Giving thanks, quietly

Posted by Anita on 11.30.08 11:26 AM

(c)2008 AEC **all rights reserved**Apparently, I am not equipped to exist on 5 hours of sleep every night for an entire month, which is what happens when you try to hold down a job, tackle a little freelance work, keep a house in order, cook most meals at home, and blog every single night. But even though I failed at NaBloPoMo, I really did have a blast trying to keep my head above water. Despite the blog-silence, our week has been filled with all kinds of wonderful things to eat and drink… fodder for future posts, I promise, as we return to a slightly saner schedule in December.

The highlight of our week — like many of yours, I suspect — was our big Thursday feast for Thanksgiving. This year, we managed to wiggle out of all of our family obligations, so it was just the two of us: No marshmallow-topped baked yams or gelatinous cranberry sauce (nor any of the other stuff neither of us likes) and no giant spreadsheet to track food miles. We still ate 100% local, but with a much smaller, simpler menu, we didn’t need to document with such precision.

I picked up our turkey — a burlap-wrapped 18-pounder from Napa’s Hudson Ranch, sold to us by Tayor at the Fatted Calf — at the Tuesday Berkeley Farmers Market. This squat little guy was so muscular we didn’t even need to truss the legs to keep them tight against the carcass. Although all we did was salt it the night before and slather it in butter, describing its taste sounds like a cliché: Moist and tender, yet full of deep poultry flavor. And the rich drippings made some of the most delicious gravy we’ve ever had.

Dark Days Eat Local ChallengeTo go with the amazing turkey and gravy, we peeled and mashed many pounds of creamy La Ratte spuds from Mr. Little, mixed with butter from Spring Hill and Straus Family cream. Stuffing was the usual family recipe, with Fatted Calf bacon, Eatwell celery and parsley, Catalán onions, Acme bread, and our own home-grown sage and home-made chicken stock. There was corn from The Peach Farm — which I zipped and froze a few weeks back — and a bottle of Five Russians Pinot Noir from Sonoma. For dessert: Pumpkin pie made from local organic pumpkin, eggs, and dairy, in a crust of local flour (a blend of Eatwell and Giusto’s), Clover Organic butter, and Prather leaf-lard.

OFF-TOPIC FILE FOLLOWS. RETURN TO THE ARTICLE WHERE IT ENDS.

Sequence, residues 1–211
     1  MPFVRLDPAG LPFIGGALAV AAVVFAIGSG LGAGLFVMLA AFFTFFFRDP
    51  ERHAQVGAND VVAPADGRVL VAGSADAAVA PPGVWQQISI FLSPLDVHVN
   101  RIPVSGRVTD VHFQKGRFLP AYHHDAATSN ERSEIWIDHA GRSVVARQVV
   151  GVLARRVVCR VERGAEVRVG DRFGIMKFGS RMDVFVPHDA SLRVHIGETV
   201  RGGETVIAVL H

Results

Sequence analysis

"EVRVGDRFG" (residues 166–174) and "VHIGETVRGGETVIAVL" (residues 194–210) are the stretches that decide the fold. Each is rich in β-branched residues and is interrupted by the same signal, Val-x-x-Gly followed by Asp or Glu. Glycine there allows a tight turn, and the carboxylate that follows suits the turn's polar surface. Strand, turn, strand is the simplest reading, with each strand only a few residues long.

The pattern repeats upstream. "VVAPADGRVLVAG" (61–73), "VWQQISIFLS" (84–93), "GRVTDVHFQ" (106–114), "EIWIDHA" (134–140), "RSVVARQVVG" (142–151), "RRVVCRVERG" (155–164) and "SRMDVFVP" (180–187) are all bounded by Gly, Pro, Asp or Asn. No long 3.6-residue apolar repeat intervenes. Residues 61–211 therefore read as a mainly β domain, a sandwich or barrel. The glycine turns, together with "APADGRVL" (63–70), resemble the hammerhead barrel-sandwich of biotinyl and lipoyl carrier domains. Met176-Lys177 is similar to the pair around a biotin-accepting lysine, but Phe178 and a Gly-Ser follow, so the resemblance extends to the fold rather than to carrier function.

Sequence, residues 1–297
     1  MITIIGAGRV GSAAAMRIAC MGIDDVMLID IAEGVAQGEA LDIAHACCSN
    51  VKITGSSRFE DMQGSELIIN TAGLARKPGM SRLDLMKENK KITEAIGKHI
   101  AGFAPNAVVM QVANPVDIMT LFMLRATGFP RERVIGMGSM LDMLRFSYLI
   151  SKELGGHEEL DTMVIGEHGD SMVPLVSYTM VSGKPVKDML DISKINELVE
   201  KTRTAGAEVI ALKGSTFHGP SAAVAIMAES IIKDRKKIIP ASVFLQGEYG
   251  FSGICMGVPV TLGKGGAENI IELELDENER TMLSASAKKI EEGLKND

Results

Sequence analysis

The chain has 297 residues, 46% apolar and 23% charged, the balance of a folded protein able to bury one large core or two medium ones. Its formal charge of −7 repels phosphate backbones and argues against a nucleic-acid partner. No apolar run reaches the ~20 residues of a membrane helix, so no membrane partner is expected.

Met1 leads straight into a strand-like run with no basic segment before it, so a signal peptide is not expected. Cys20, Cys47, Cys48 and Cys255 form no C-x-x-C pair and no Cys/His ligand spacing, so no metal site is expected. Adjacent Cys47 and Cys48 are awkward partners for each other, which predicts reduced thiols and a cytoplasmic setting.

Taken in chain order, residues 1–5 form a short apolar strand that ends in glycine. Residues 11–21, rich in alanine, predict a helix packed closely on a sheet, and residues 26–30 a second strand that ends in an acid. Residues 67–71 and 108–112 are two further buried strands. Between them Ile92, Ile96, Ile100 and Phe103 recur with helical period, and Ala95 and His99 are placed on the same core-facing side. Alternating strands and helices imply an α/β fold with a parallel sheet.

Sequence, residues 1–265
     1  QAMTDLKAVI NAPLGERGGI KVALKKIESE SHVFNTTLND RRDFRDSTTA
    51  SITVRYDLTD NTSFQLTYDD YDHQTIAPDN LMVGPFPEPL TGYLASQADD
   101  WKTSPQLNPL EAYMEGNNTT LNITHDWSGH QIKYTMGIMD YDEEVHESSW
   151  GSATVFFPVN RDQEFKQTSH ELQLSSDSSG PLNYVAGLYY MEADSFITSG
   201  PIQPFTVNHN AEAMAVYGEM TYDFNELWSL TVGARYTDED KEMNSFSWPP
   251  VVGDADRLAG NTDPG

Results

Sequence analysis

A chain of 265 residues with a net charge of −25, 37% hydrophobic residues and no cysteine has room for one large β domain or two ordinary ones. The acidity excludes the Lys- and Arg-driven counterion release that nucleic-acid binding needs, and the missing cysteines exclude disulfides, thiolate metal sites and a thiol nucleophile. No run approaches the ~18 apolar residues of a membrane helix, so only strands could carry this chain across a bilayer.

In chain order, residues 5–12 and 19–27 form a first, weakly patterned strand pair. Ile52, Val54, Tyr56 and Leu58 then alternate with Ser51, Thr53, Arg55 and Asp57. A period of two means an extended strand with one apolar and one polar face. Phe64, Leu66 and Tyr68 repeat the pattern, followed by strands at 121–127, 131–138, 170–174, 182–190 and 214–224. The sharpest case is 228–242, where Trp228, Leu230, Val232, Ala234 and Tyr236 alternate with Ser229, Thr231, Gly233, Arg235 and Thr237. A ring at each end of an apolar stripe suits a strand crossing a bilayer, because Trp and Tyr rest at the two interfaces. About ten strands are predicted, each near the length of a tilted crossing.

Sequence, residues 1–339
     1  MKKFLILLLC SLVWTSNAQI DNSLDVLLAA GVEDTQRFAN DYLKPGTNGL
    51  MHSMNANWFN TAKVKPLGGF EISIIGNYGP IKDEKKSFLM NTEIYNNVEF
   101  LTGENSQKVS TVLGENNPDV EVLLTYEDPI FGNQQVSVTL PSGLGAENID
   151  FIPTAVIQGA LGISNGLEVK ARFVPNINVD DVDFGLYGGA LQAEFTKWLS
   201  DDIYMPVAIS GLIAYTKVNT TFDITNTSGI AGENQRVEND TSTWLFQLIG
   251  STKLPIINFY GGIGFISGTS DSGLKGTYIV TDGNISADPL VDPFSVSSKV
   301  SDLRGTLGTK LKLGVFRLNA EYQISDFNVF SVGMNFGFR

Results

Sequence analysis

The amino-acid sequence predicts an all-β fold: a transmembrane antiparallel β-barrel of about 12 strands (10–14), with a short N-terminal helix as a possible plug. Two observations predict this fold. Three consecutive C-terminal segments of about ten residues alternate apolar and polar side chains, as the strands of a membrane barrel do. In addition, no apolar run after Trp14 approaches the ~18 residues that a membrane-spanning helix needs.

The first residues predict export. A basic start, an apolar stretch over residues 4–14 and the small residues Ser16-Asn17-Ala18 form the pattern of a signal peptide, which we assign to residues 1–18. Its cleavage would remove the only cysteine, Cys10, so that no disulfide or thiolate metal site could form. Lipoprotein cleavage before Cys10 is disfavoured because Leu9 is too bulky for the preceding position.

With only two of us to tackle a family-sized turkey, we cut off a whole breast, leg, and thigh, and vacuum-sealed them for the freezer; somewhere down the line there’s another round of turkey dinner (and leftovers!) in our future… what a way to stock up for winter!

The rest of our luxurious long weekend, we’ve spent tackling other Dark Days-related projects. Cameron’s been hard at work on building and filling our new raised beds, and we may even get a few starter crops in the ground before the new year. I’ve been pickling and preserving — a few quarts of chicken stock and turkey broth, some pickled jalapeños, and a batch of pub onions. After the canners were put away, I reorganized our freezers in preparation for laying down a few last supplies for the winter.

This week’s trip to the farmers market was pretty light, since we’ll mostly be eating an assortment of yummy bits and pieces from deep storage. Although a week of freezer fare may sound rather dreary, after four days of nonstop cooking and turkey leftovers, I’m really looking forward to a few meals where the hardest part is defrosting the main dish and making a big salad.

(c)2008 AEC **all rights reserved**(c)2008 AEC **all rights reserved**(c)2008 AEC **all rights reserved**(c)2008 AEC **all rights reserved**(c)2008 AEC **all rights reserved**

This year, I am especially thankful for:
- My wonderful husband, who takes care of me and our home with such obvious affection.
- Our family, who understand our need to take a break from the festivities now and then.
- Our social circle, whose hospitality and friendship keep us sane and happy.
- Our readers and blog pals, who encourage us and inspire us.
- Our amazing City, where we count ourselves lucky to live every day.
- Our region’s hard-working farmers and food artisans, who provide us with the world’s most amazing array of edibles.

Dark Days challenge, holidays & occasions, locavore, meat
6 Comments »

 

6 Comments »

Comment by Kimberly

The first time we got a pastured turkey for Thanksgiving, I was surprised by his sturdiness. His legs had muscle definition! And trying to describe the taste definitely led to cliché. Yum.

Posted on 12.01.08 at 7:47PM

Comment by EB

What a great list of things to be thankful for.

Posted on 12.02.08 at 9:42AM

Comment by Susan

Hi Anita!
Just wanted to say how much I enjoy reading your blog, trying some of the recipes, and checking out all your amazing photos. I saw Jen Davies a couple months ago and she said the same thing! Hope you’re doing well.
Susan (Leipziger)

Posted on 12.02.08 at 10:33AM

Comment by Tartelette

What a great Thanksgiving feast! I hope that one day I can feed us an entire feast from locals!

Posted on 12.05.08 at 1:39PM

Pingback by Married …with dinner » Blog Archive » Rotating stocks

[...] In addition to the pickles and broth I put up last weekend, I also made a big batch of tomatillo-sauce base to freeze: I roast and puree chiles and tomatillos, then add onions and simmer it down. Right before I’d usually add poultry broth and re-reduce to make a sauce, I cool down the paste and portion it out for the freezer. When I want to make enchiladas or chile verde, I thaw a brick, add the missing liquid, and finish the recipe. [...]

Posted on 12.14.08 at 8:30PM

Comment by Tarabud

Anita, Lovely post about your Thankfulness. Just love the Bay Area, and all local organic food awareness. Wishing you a lovely 2011 Thanksgiving dinner with your husband and friends. :)

Posted on 11.17.11 at 11:40AM

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